Fauci, BioTerrrorism, the NIH, and Bavarian Nordic
Anthony Fauci has managed to become the “invisible hand” of government-funded vaccine and biodefense research for decades. Anthrax attacks shortly after the terrorist attacks of September 11th, 2001 increased the focus on the field of biodefense.
Bavarian-Nordic was one of the major beneficiaries of the new focus by the United States on biological threats. The company was founded in 1994. Landing smallpox contracts in 2003 led to significant growth for Bavarian-Nordic, with Fauci’s NIH giving more grants to Baravian-Nordic than any other company under the BioShield program between 2001 and 2005.
Bavarian-Nordic entered a $20 million contract for its smallpox vaccine from the HHS in 2003. The HHS stated the contract was awarded to protect against a smallpox terrorist attack:
As funding for biodefense and medical research to combat terrorism and disease increased, Fauci’s role at the NIH became that of a gatekeeper who had the power to pick winners and losers:
“The most fundamental question is whether the government and Dr. Fauci should be trying to influence what drugs and vaccines the marketplace produces. “If you had to pick one person, he’s a pretty good guy to pick,” says J. Leighton Read, a partner at Alloy Ventures, a Palo Alto, Calif., venture-capital firm. “But I’m not sure Tony should be investing. His experience in products and manufacturing is very limited. Maybe they ought to pay more attention to the invisible hand.
The workings of the invisible hand, though, have been all but invisible. Publicly traded drug companies have tended to stay away from vaccines, antibiotics, and related drugs. These products have low-profit margins and are especially prone to liability suits. The government is often the main customer for them.
Dr. Fauci acknowledges that bankrolling product development in the private sector “is not our spécialité de la maison.” Still, he argues that some entity has to be the investor of last resort if the marketplace isn’t producing crucial medicine. “The industry wasn’t going to make the investment when they had a choice between developing a new Viagra, a new Lipitor, versus the very risky procedure of doing advanced development in a product where there wasn’t going to be a guaranteed payback for them,” Dr. Fauci says.
Dr. Fauci is pumping about $500 million to $600 million in taxpayer money a year, or about a third of his biodefense budget, into product development. Much of that goes to companies. By comparison, biotechnology venture investments in the U.S. totaled $4.06 billion in 2004, according to surveys by PricewaterhouseCoopers.
Dr. Fauci’s goal is to get companies ready to bid on contracts under the BioShield program run by the NIH’s parent, the Department of Health and Human Services. The department was authorized by Congress last year to spend $5.6 billion over 10 years on biodefense drugs under BioShield.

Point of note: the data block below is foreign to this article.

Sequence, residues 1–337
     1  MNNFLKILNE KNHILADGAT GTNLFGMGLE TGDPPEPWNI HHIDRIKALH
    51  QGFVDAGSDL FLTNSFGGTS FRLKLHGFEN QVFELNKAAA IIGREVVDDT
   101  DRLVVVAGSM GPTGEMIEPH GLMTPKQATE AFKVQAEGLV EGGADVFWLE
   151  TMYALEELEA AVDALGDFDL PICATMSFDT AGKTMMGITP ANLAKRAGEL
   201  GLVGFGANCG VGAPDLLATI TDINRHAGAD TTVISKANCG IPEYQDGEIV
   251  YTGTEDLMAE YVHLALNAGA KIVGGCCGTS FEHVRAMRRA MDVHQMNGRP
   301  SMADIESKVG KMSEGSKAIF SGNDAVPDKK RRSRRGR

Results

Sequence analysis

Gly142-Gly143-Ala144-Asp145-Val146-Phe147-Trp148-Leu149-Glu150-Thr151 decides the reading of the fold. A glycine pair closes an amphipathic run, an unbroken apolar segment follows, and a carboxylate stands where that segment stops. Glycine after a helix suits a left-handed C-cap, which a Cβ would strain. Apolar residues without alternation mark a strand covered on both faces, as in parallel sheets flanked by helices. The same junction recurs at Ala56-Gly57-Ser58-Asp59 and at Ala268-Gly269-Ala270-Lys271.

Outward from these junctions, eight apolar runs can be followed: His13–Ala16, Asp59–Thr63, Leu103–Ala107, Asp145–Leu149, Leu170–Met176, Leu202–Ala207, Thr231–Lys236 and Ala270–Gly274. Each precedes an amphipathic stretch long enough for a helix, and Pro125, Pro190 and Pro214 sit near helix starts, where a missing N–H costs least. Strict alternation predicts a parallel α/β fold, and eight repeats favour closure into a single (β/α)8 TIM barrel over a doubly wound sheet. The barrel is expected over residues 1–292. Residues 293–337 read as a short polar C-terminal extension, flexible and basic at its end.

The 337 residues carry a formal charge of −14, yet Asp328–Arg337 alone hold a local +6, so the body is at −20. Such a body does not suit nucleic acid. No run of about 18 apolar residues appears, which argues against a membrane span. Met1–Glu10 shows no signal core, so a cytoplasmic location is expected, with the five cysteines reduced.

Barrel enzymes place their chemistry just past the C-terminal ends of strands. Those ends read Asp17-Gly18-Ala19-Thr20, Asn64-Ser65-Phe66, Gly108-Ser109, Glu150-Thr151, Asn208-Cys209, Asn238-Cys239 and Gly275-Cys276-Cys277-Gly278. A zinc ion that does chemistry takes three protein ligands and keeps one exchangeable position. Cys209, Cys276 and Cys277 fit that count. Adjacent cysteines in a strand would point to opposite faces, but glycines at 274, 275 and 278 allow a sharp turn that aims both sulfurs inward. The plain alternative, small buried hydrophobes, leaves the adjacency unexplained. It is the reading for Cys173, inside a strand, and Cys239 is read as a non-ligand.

After Sept. 11 and the anthrax attacks in the fall of 2001, Dr. Fauci and his agency, whose formal name is the National Institute of Allergy and Infectious Diseases, divided pathogens into three categories. They gave highest priority to Category A pathogens such as anthrax, smallpox and plague. Dr. Fauci argued that his agency was well-suited to receive new funds for biodefense.”
Bavarian-Nordic received more money than any other pharmaceutical company from Fauci’s NIH as of 2005:
Fauci convinced then-Vice President Dick Cheney that nature was the greatest threat of terrorism facing humanity:
“Wedged above a shelf piled with biographies and thrillers is a photograph of Fauci with Dick Cheney, the then US vice-president. “It’s after the anthrax attack when he put me in charge of preparing for biological threats,” he says, “I convinced him that the greatest terrorist was nature itself.” The NIH Ebola vaccine, he says, was in development for a decade but it took the current crisis for the global public health community to convince drug companies to ramp up production.”
Bavarian-Nordic has secured over $500 million in grants and contracts HHS. The value of the contracts may ultimately exceed $840 million:
Bavarian-Nordin Receives European Bank Loans
Bavarian-Nordic received tens of millions of Euros worth of loans from the Europan Investment Bank:
Bavarian-Nordic Lands Lucrative Smallpox Contracts
Bavarian-Nordic, a pharmaceutical company with offices in Germany, Denmark, Switzerland, and the USA, landed contracts from multiple countries for smallpox vaccines this week as monkeypox cases continue to rise across the globe.
“Bavarian Nordic A/S (OMX: BAVA) announced today that the U.S. Biomedical Advanced Research and Development Authority (BARDA), part of the Office of the Assistant Secretary for Preparedness and Response at the U.S. Department of Health and Human Services, has exercised the first options under the contract to supply a freeze-dried version of JYNNEOS® smallpox vaccine, thus allowing for the first doses of this version to be manufactured and invoiced in 2023 and 2024.”
The company secured a contract for its smallpox vaccine with an undisclosed European country on May 19th, 2022, 12 days after the first confirmed case of monkeypox was indentified in Europe.
On June 7, 2022, Bavarian Nordic secured a five-year contract for its smallpox vaccine worth over $50 dollars:
Vanguard and BlackRock are among the major shareholders of Bavarian-Nordic stock:
Monkeypox Outbreak Data
Background on the Operation Dark Winter smallpox terrorism “tabletop exercise” from 2001 is covered in a previous article.
Monkeypox cases begin to spread across Europe in early May 2022, with many cases linked to men who have sex with other men. Initial cases were traced to locations such as an adult sauna and pride parade in Spain:
Below is a PDF with hyperlinked sources tracking monkeypox cases (text visible when you zoom-in):